MY kids haven't been given cash pocket money for years.
It's not because I'm an evil father - who loves Darth Vader music - wanting to choke their financial freedom. It's simply because most of their financial transactions, and the future of money, is all digital or on cards.
Their snacks at school are bought using a prepaid card. They buy apps and music using their digital devices, and shopping for clothes, books and other goodies is usually done with gift cards that were birthday presents.
They're 12 and 11 and, like most kids today, are growing up as physical cash is in its death throes.
So why give pocket money in a form that may be effectively extinct soon? The rapid rise of micro payments and tap-and-go transactions is speeding up cash's decline.
Using physical coins and notes is a great way for young children to learn about money and mathematics, but once they get their head around how money works it may be wise to look at paying at least some of their pocket money in digital form.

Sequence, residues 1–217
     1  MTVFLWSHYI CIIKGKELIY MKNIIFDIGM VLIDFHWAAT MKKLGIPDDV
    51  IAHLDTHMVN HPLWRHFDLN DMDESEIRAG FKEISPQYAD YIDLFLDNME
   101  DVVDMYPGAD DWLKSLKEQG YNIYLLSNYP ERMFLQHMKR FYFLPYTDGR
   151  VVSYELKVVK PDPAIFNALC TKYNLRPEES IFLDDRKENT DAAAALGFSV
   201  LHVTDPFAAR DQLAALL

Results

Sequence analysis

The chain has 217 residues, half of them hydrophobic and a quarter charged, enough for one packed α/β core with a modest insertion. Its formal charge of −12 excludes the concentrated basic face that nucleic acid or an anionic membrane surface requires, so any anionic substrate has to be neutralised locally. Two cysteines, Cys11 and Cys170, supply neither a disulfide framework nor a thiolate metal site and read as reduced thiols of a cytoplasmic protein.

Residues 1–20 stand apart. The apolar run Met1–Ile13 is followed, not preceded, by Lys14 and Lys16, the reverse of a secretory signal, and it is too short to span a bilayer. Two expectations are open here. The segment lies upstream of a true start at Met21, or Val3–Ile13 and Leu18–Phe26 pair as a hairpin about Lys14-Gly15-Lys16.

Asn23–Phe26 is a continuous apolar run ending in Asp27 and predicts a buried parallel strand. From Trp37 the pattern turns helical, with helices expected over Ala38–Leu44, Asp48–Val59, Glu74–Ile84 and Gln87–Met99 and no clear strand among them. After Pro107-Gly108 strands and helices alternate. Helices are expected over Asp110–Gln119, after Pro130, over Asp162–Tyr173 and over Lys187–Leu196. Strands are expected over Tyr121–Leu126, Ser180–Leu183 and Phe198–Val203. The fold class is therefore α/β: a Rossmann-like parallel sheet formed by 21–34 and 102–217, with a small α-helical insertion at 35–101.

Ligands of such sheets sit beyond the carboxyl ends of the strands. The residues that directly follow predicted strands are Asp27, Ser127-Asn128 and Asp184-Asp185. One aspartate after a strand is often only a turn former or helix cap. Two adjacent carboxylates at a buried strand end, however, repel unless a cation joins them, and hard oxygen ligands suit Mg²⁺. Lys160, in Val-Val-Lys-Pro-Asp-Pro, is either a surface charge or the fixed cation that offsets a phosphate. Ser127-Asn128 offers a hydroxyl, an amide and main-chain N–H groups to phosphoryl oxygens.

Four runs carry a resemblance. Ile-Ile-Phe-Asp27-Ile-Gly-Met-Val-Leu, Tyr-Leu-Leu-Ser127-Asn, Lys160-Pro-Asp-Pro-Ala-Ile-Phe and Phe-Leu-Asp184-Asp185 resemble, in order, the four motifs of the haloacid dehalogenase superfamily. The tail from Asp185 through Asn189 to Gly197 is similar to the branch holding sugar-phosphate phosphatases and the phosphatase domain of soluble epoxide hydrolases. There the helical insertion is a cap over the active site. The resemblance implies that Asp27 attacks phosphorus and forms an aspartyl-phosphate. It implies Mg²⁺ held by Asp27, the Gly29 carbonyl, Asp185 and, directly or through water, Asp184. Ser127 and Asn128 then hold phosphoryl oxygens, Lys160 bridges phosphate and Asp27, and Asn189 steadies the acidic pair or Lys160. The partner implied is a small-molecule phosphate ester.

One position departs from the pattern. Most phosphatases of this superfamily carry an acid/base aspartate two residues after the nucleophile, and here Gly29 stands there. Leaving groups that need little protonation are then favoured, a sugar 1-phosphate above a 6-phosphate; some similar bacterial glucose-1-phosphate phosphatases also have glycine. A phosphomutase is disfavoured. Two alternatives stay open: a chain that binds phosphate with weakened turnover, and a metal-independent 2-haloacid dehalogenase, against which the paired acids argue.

The benefit in our house is that there's never a big pile of cash sitting in kids' money boxes or burning a hole in their pockets.
Instead it's in online savings accounts that delivers bonus interest and they get to watch it compound and grow over time.
The "out of mind, out of sight" strategy is great for adults too when it comes to saving or investing money.
Automatic transfers to a specific bank account or investment fund - before we get a chance to spend it - is a proven way to get richer faster.
Children and money will be in focus in the coming days as Global Money Week kicks off today. (March 12)
It's a financial literacy campaign that runs in 137 countries and aims to teach children better money management skills, with more than 30,000 Aussie students are expected to take part through schools or community groups.
Global Money Week national ambassador Marissa Schulze said financial professionals saw adults every day struggling with money management and its related stress and relationship breakdowns.
"Seeing this is a huge motivator for wanting to make a difference and help to install the right skills, knowledge and behaviours in children from a young age," she said.
"Many young Australians fail to get the financial literacy education they need from their school or their parents."
Ms Schulze said paying pocket money in digital form was a good idea once children became more confident with money.
"Around nine or 10 is probably the right age to transform from physical pocket money to digital pocket money," she said.
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